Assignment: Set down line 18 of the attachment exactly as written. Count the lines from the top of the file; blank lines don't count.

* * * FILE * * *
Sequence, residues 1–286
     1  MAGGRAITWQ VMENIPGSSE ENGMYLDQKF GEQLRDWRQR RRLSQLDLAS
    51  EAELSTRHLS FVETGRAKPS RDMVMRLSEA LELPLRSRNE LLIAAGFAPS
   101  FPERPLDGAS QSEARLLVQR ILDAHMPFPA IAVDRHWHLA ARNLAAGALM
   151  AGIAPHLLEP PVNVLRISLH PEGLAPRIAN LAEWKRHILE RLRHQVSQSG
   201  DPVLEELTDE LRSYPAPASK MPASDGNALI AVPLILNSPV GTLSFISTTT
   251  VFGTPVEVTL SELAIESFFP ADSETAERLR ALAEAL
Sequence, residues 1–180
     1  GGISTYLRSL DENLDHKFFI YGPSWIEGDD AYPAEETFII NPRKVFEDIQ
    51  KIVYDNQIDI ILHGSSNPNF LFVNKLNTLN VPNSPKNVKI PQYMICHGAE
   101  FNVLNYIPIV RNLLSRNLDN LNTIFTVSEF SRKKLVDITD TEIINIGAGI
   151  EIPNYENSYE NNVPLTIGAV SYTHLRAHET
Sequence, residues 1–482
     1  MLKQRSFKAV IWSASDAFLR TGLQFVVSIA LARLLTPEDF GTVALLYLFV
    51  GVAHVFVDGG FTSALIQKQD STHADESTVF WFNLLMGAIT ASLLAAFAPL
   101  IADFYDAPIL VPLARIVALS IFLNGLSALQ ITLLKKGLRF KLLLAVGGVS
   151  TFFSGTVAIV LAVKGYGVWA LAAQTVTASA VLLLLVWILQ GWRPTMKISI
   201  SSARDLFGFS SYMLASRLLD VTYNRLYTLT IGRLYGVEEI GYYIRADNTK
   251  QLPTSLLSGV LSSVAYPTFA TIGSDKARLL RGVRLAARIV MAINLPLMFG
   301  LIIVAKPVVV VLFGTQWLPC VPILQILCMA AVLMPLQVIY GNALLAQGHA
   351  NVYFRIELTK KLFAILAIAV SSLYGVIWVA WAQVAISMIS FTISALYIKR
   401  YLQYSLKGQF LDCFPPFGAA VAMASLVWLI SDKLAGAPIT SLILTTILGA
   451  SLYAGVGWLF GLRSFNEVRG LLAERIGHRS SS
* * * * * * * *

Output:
   201  SSARDLFGFS SYMLASRLLD VTYNRLYTLT IGRLYGVEEI GYYIRADNTK